The consequent damage from water stress, desertification, and pollution, when taken together, could impose debilitating long-term burdens on the region. The annual cost of Iran’s environmental sector already amounts to a whopping 5 to 10 percent of GDP, according to the World Bank. In contrast, tough U.S. and international sanctions shrank Iran’s GDP by some 1.4 percent in 2012, according to the U.S. Government Accountability Office. Over time, if decisive action to prevent and counter dust storms is not taken, valuable resources will be further depleted, productivity diminished, and public health damaged (11).

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While pressures such as climate change, natural processes, and the decision of its neighbors are out of Iran’s control, it is within the Iranian government’s power to take decisive action about this increasingly unsustainable issue. However, the current regime seems unwilling to take such action. International environmental groups have used cash incentives and investment to encourage Iran to reform its environmental practices, but this money has mostly been funneled into the security services and other regime-sponsored areas of the economy. Without major reform, Iran seems unlikely to address the problem of dust storms and environmental degradation in the future.

http://earthobservatory.nasa.gov/NaturalHazards/view.php?id=86539
http://iranprimer.usip.org/blog/2014/apr/07/dust-storms-cloud-iran’s-future
Journal of Novel Applied Sciences ©2014 JNAS Journal-2014-3-10/1131-1136 ISSN 2322-5149 ©2014 JNAS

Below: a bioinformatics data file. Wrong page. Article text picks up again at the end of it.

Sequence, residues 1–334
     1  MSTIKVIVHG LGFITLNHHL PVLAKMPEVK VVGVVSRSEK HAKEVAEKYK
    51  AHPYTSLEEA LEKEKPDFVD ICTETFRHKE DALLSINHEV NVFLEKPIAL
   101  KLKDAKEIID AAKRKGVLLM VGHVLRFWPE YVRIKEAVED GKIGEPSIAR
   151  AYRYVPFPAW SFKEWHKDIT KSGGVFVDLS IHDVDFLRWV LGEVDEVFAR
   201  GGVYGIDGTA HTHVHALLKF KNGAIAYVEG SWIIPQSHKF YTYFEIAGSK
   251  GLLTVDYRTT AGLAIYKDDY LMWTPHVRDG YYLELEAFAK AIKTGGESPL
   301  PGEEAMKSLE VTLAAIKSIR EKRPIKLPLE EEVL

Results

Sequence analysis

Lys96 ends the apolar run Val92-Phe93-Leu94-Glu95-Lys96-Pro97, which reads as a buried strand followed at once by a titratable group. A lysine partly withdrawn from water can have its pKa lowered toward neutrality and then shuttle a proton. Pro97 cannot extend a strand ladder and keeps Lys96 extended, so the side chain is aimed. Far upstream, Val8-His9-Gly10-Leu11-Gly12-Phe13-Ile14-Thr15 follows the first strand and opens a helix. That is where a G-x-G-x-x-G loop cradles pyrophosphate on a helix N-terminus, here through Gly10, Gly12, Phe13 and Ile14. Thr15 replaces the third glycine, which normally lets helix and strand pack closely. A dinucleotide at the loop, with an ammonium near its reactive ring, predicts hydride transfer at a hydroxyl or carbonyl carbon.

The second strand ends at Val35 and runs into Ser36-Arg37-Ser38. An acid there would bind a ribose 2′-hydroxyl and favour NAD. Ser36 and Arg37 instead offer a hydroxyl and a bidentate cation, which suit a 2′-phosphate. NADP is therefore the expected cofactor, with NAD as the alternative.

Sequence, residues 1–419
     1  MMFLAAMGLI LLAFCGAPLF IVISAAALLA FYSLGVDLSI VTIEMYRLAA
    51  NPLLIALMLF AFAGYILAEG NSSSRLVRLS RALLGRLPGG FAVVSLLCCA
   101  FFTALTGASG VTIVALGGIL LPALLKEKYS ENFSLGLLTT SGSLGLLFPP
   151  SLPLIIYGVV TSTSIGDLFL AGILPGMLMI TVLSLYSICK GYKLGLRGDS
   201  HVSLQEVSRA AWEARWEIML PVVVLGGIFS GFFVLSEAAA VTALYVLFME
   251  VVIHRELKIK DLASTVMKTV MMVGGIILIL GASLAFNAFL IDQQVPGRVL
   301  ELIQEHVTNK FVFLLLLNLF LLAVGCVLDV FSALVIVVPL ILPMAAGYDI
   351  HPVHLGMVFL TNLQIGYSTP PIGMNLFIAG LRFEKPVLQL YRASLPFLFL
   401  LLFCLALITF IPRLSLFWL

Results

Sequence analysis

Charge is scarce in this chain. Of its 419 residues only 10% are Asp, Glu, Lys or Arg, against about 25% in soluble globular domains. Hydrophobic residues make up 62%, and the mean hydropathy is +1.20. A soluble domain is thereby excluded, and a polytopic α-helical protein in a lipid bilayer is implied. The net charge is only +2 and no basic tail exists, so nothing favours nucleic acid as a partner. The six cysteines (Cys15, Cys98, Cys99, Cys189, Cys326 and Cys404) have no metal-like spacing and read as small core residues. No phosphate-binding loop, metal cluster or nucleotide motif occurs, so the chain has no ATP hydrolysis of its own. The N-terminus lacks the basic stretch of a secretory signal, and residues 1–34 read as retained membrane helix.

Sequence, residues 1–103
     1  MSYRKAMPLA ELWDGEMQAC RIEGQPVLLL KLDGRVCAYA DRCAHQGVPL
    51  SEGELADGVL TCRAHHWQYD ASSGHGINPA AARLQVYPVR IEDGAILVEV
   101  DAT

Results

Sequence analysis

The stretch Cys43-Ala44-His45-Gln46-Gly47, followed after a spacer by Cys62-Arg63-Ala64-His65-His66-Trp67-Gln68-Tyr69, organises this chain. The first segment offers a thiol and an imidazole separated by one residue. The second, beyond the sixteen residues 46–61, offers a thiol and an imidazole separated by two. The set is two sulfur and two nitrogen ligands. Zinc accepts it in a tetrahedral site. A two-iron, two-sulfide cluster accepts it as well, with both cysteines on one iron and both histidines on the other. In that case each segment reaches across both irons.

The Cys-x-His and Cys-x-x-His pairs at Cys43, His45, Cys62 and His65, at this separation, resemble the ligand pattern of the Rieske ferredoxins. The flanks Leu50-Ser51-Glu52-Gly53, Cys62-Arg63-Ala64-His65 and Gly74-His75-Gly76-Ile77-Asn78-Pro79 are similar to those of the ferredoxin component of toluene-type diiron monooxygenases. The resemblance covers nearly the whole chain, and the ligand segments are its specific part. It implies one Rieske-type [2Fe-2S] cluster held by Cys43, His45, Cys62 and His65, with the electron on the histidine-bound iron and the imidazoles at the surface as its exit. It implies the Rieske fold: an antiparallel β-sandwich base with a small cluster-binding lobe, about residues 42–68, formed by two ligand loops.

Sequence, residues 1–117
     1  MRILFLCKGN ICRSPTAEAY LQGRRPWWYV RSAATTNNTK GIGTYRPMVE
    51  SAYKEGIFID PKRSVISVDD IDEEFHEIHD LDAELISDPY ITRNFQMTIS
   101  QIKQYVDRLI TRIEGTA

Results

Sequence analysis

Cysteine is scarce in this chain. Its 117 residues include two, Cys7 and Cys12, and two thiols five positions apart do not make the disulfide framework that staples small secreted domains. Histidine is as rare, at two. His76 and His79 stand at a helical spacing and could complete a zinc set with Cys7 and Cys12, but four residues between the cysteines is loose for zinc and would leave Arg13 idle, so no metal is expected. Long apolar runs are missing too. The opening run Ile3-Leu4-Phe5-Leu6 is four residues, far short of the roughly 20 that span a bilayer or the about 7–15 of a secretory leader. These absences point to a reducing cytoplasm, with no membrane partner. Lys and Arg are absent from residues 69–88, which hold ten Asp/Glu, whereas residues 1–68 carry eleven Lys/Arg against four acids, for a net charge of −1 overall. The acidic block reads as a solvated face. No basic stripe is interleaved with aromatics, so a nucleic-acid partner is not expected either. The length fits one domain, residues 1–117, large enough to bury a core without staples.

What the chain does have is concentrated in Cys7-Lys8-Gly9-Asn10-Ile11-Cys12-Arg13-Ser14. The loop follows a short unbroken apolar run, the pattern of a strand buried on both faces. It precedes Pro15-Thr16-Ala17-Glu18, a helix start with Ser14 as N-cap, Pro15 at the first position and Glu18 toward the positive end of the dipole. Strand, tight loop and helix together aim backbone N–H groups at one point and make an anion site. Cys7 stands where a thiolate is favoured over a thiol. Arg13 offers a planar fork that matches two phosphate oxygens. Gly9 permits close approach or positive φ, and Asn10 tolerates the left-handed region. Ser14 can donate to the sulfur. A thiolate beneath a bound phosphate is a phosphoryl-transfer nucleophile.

http://www.giss.nasa.gov/research/briefs/miller_01/
http://www.geo.fu-berlin.de/en/v/geolearning/mountain_building/weathering/Erosion/index.html
http://www.nrcs.usda.gov/Internet/FSE_DOCUMENTS/nrcs142p2_019407.pdf
http://milford.nserl.purdue.edu/weppdocs/overview/wndersn.html
http://www.environment.nsw.gov.au/soildegradation/winder.htm
http://www.qld.gov.au/dsiti/assets/soil/wind-erosion.pdf
http://www2.usgs.gov/blogs/features/usgs_top_story/dust-storms-roll-across-arizona-2/
http://iranprimer.usip.org/blog/2013/oct/28/iran’s-environment-greater-threat-foreign-foes

About Khalil Khani (12 Articles)
Khalil Khani PhD 2011-Now: Human Rights Activist 1974-Now: Various Research and Publications in Sustainable Natural Resources and others 1986-2011: Chief Engineer in Aerospace Industry in USA 2003: Health Psychology Graduate Studies at Arizona State University, USA 1985: Graduate Studies, Doctorate in Botany, University of Goettingen, Germany 1980-1985: Research and Teaching assistant in Botany, University of Goettingen, Germany 1973-1980: Research and Teaching Soil Conservation, Erosion Control, Rangelands and Watershed Management, Tehran University, Iran 1976: Master of Science in Forestry Tehran University, Iran 1975: Bachelor of Science In Forestry Tehran University, Iran